THE DROUGHT : California Drought Watch
A monthly look at the water shortage
With the wet season two-thirds finished, the amount of snow and rain on California’s mountains continued to fall far short of normal. Statewide, precipitation is less than 1/4 of normal and is the lowest on record for this time of year, having dropped below that of the record-setting drought of 1977. The Sacramento River Basin, a main source of water for Southern California, has an all-time low precipitation level of 23% of average. This also remains the fifth unusually dry winter in the Eastern Sierra, another key Los Angeles source.
Coastal rainfall yardstick As of Feb. 21 A-- San Francisco: 40% of normal B-- Santa Barbara: 23% of normal C-- San Diego: 37% of normal D-- Santa Ana: 21% of normal E-- Ventura: 15% of normal F-- Los Angeles: 13% of normal
Sacramento River Basin Eastern Sierra Preciptation in normal season 33.9 inches 16.5 inches Preciptation this season 7.7 inches 4.2 inches Driest season on record 8.9 inches 4.6 inches (1977)
The Colorado River’s flow remains below normal, but California is still negotiating to tap the river to help relieve the drought. If six other Western states agree, Southern California will get more than its annual allotment of 4.4 million acre feet of water (*) to help it through this year.
* An acre-foot of water is the amount of water it would take to cover an acre with one footof water or 326,000 gallons.
The bottom line
Currently, runoff is averaging about 15% of normal and snowpack water content is less than 20% of average. Unless there is a strong turnaround in weather soon, the 1991 wet season could wind up as the driest in the 20th Century, with less runoff than in 1977. It all depends on the next 50 days.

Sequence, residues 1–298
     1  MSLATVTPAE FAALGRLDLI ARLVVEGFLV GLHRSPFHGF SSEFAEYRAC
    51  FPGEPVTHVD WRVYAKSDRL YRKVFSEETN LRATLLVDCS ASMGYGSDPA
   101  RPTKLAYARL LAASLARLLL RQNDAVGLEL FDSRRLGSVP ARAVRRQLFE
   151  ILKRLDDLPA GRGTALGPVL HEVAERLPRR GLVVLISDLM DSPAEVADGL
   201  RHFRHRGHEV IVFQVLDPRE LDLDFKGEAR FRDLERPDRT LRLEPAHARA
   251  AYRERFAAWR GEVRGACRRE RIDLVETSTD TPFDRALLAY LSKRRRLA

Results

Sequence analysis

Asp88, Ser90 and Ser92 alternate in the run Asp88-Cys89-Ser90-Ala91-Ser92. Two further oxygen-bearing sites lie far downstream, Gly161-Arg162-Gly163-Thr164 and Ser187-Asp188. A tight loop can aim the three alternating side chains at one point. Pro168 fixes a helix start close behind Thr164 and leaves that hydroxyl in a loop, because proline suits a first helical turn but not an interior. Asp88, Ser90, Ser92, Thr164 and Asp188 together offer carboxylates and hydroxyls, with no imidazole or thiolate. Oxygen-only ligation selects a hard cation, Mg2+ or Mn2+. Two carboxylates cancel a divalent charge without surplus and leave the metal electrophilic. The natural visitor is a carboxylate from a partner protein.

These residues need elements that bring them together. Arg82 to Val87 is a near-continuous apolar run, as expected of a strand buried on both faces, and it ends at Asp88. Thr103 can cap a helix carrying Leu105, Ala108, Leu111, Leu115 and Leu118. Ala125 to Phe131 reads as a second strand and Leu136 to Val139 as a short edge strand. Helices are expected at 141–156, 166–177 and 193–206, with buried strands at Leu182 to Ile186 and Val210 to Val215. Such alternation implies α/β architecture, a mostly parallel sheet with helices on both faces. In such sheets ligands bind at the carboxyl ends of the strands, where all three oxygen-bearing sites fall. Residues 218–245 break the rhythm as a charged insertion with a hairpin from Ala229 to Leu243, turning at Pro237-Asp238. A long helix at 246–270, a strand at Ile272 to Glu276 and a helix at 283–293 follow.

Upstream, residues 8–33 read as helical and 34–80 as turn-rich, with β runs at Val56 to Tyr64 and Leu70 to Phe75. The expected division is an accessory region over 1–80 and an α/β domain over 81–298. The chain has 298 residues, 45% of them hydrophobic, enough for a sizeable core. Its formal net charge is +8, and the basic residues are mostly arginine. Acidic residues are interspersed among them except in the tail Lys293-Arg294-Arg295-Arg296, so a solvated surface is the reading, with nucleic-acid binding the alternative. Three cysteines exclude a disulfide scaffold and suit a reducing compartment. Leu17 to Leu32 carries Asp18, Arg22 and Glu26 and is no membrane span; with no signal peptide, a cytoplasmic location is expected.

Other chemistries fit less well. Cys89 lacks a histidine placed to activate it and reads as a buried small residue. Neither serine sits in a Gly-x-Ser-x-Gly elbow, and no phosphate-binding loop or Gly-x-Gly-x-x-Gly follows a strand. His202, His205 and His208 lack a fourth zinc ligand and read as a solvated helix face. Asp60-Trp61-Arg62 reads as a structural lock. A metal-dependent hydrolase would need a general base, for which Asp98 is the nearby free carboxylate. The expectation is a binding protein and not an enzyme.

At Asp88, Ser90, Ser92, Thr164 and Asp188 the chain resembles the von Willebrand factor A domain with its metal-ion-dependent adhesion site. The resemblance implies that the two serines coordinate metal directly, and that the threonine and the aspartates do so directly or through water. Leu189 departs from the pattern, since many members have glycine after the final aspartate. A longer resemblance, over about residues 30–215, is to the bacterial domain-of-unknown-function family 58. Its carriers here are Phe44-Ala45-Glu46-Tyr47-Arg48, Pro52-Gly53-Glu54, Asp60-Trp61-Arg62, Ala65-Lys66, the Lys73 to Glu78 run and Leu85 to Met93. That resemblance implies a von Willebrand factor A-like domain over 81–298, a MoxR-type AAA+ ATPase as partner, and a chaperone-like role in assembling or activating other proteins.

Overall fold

The month the drought hit home.
If there were any drought-doubters still around in February, the level of official response to California’s stubborn dry spell was enough to dispel lingering skepticism. Here is a recap of the month’s events:
* State officials shut off water to farmers, and cut deliveries to cities by half.
* U.S. officials cut back water to farms by 75% and to urban areas by up to 50%.
* The Metropolitan Water District in Southern California reduced deliveries by 31%.
* A U.S. House subcommittee began investigating ways to reform California water management.
* Gov. Pete Wilson unveiled a five-point, $100 million plan hinged on creating a “water bank” for the future.
* The domino effect now in motion, Southern California agencies began implementing mandatory water rationing.
“If there are any former sailors around they will perhaps know what a sea shower is. You get wet, turn the spigot off, you soap yourself down and when you’re ready to rinse you turn it back on again."--Gov. Pete Wilson, himself a former Marine.
“It’s all just one big negative.” --Fred Starrh, 61, a Kern County farmer coping with losses from the drought.
Dead Trees: The drought has killed the equivalent of 8.4 billion board feet of lumber in California in 1989 and 1990--enough to build up to 500,000 new homes.
Cash for Grass: Marin County’s rebate program last summer paid 44 people about $245 each to rip out their lawns and install drought-resistant plants.
Help Wanted: The state’s Drought Center has had to move its offices and double its staff of four workers to handle the crisis. More openings are expected.
No More Hot Tubs?: San Francisco officials next week will consider cutting water for residents by 45%--meaning no more filling swimming pools and hot tubs.
Source: California Department of Water Resources, Santa Barbara Dept. of Water, Johnston Weather Watch, Los Angeles Dept. of Water and Power